Laughing Sesame Seed Balls

I think I’m addicted. Addicted to easy, to fried objects, to laughter.

In other words, to these sesame balls.

The idea of making sesame balls came to me from one of my followers. (Yes, you can give me ideas on things to make. No, I won’t bite your head off. Yes, I promise.)

These laughing balls are eaten in China to bring in the Chinese New Year, one of many many cute little treats eaten during that time. The laughing “mouth” they have symbolize the laughter and happiness they bring to the eater in the new year.

So, you know, the more you eat the more happy you get.

So you should eat more.

Laughing Sesame Seed Balls

Notes: Adapted from this here recipe on a Chinese recipe website. I know, I’m dedicated to my food. Makes 25 balls.

Taste & Texture: The outside is hard and crunchy, while the inside is soft. There’s a slight sesame flavor and a slightly sweet flavor as well. Asians don’t do overpoweringly sweet desserts and snacks, ya know. 


  • 1 egg. Five dollar foot egg.
  • 1/3 cup sugar. Chicken sugar, possibilities.
  • 2 cup flour. Because you’re worth it.
  • 3 tbsp butter. If it fits, it ships. 
  • 1/4 cup water. Just water it. 
  • Heaping 1 tsp baking powder. Moving forward.
  • Sesame seeds. If you don’t know company slogans, you’re probably very confused right now. 


1. Beat together egg and sugar, then add the rest of the ingredients. Form into a nice dough.

It’s smiling already.

2. Roll out dough into a log, then cut into smaller pieces. Make it into medium marble-size pieces; any bigger and the inside won’t cook thoroughly.

C is for Cici
We feel naked…

3. Wet each ball with water and dip into the sesame seeds. Use just a little bit of water, but a lot of sesame seeds.

This feels better.

4. Fry until golden brown. 

Just getting my tan on.

The Extra Mile:

  • Stuff it. Traditionally there’s no filling, but you can amp it up with some nice little balls of Mung Bean Butter.

Okay, I have a confession. We ate all of the good-looking sesame balls before I could take pictures, so I had to manually widen the “laugh” part of the remaining sesame balls, to demonstrate what a laughing sesame ball should look like. I know, I’m a cheater. 

LOL whatever.




(Come on. You can figure that one out.)

21 Comments Add yours

  1. Annie says:

    YES!!!! Thank you SO much for the recipe. I’ve been dismayed at all the different types of balls on the ‘net, but these look *exactly* like the ones my mom use to make when I was kid.

    My sister will be visiting in a couple of weeks with her family. I may whip this up for her – she will just about die of happiness, I know it!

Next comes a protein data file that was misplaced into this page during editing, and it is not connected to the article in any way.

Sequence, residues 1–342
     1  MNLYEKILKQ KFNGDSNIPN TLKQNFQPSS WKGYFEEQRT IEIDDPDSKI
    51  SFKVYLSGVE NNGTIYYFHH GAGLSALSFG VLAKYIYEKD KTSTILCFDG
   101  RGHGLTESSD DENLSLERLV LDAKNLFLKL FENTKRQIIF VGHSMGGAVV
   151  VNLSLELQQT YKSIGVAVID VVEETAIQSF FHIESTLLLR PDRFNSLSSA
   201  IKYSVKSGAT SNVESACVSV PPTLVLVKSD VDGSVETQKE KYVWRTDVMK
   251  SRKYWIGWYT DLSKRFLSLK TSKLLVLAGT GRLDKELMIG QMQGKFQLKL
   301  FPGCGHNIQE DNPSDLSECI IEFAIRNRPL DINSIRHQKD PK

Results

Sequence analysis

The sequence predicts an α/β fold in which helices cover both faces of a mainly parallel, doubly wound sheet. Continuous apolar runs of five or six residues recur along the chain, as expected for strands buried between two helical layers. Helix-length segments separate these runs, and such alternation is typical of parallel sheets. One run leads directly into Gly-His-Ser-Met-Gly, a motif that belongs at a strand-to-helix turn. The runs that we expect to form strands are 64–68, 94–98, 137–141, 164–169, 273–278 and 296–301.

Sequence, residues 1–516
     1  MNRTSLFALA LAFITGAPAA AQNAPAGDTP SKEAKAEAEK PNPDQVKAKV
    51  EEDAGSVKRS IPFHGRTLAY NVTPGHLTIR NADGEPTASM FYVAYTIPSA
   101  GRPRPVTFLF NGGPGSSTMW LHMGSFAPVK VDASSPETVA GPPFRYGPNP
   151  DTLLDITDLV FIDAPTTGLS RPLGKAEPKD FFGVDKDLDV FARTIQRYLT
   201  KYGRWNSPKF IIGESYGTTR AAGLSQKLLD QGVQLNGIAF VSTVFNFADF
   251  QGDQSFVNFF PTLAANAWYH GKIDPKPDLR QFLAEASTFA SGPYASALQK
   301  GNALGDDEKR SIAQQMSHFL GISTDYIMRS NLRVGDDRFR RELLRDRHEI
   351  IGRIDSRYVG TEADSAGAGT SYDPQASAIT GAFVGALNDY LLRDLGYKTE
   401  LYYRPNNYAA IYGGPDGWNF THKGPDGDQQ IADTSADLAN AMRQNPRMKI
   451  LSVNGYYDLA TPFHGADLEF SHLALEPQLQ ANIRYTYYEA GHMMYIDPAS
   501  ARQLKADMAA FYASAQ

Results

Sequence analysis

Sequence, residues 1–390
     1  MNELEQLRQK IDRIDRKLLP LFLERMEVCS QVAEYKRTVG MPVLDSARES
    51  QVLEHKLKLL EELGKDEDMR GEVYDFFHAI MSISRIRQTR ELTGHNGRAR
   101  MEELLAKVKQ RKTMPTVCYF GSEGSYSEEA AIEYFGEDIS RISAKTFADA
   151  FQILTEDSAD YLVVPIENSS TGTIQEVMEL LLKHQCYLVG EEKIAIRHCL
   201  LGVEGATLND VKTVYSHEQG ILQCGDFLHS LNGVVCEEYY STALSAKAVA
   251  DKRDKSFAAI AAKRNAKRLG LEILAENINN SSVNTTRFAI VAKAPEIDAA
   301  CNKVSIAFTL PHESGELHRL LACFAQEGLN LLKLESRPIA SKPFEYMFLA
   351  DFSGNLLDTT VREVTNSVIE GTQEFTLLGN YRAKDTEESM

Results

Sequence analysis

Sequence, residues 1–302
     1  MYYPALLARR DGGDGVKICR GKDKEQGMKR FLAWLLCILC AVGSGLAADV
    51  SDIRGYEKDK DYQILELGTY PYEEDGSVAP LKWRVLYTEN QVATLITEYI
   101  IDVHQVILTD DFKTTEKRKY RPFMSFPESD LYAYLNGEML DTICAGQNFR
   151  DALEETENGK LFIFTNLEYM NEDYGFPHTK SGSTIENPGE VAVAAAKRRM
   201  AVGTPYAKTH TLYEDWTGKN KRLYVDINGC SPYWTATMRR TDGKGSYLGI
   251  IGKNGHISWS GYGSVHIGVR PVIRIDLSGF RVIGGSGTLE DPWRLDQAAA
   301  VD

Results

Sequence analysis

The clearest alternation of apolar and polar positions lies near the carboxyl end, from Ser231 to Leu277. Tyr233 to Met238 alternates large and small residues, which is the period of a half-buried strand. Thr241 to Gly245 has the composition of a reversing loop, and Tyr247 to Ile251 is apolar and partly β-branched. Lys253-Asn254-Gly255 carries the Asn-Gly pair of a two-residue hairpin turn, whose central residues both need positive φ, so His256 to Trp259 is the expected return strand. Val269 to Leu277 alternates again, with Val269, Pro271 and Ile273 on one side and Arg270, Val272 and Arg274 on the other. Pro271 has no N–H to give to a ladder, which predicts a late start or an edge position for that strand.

1. Kitchen Cici says:

      You’re very welcome!! 🙂 I hope they taste like the ones you’re used to! *fingers crossed*

  2. Hari Qhuang says:

    The Indonesian folks have adapted this treat and called it “Roti Ketawa” which means “laughing bread”. The funny thing is, they have been insisting that this is an original native treat, but they cannot tell where did the name come from. LOL

  3. Yummy! I love sesame balls, but have never made them myself. Will try out this recipe when I get the chance. Thanks for sharing 😀

  4. Looks interesting !!! I like the smiley faces

  5. MamaD1xx4xy says:

    These look great! Never heard of them but what a yummy and silly looking treat.

    1. Kitchen Cici says:

      Yep! They’re pretty easy to make too!

  6. Plates of Art says:

    Love these recipes that only use 1/3 cup sugar! Can’t believe it only uses these ingredients!

    1. Kitchen Cici says:

      Yep! Gotta love those not-to-sweet snacks!

  7. Haha! you’re so funny! 🙂 I tasted this while attending training and they are great! Can’t wait to try your recipe! 🙂

    1. Kitchen Cici says:

      Thanks! Hope you like it! 🙂

  8. Emily W says:

    Cannot wait to try the recipe in my own kitchen! Thanks! – Emily from CaptivEATing.

    1. Kitchen Cici says:

      You’re welcome!! Lemme know how it goes 🙂

  9. Cucina Amore says:

    these look addictive. I shall try 😉

  10. Sabrina says:

    Mmm! These deep-fried snacks are so addictive but usually I enjoy them only during CNY. I didn’t know the traditional ones are not supposed to have filling as I’m used to seeing them stuffed with red bean or lotus seed paste. Love the “laughing” part of it and the slogans accompanying the ingredients. 🙂

    1. Kitchen Cici says:

      Yeah, the sesame balls (not the laughing ones) usually do have stuffing, but the laughing ones don’t. Eh, trivialities.

  11. jayme 6 faith blog says:

    mmm! do you know how to make you tiao? or butterfly buns? these are my favourite dough fritters:)

  12. Feamand says:

    Wow.. They’re called laughing sesame seed balls? In the Philippines, they call it Buchi.

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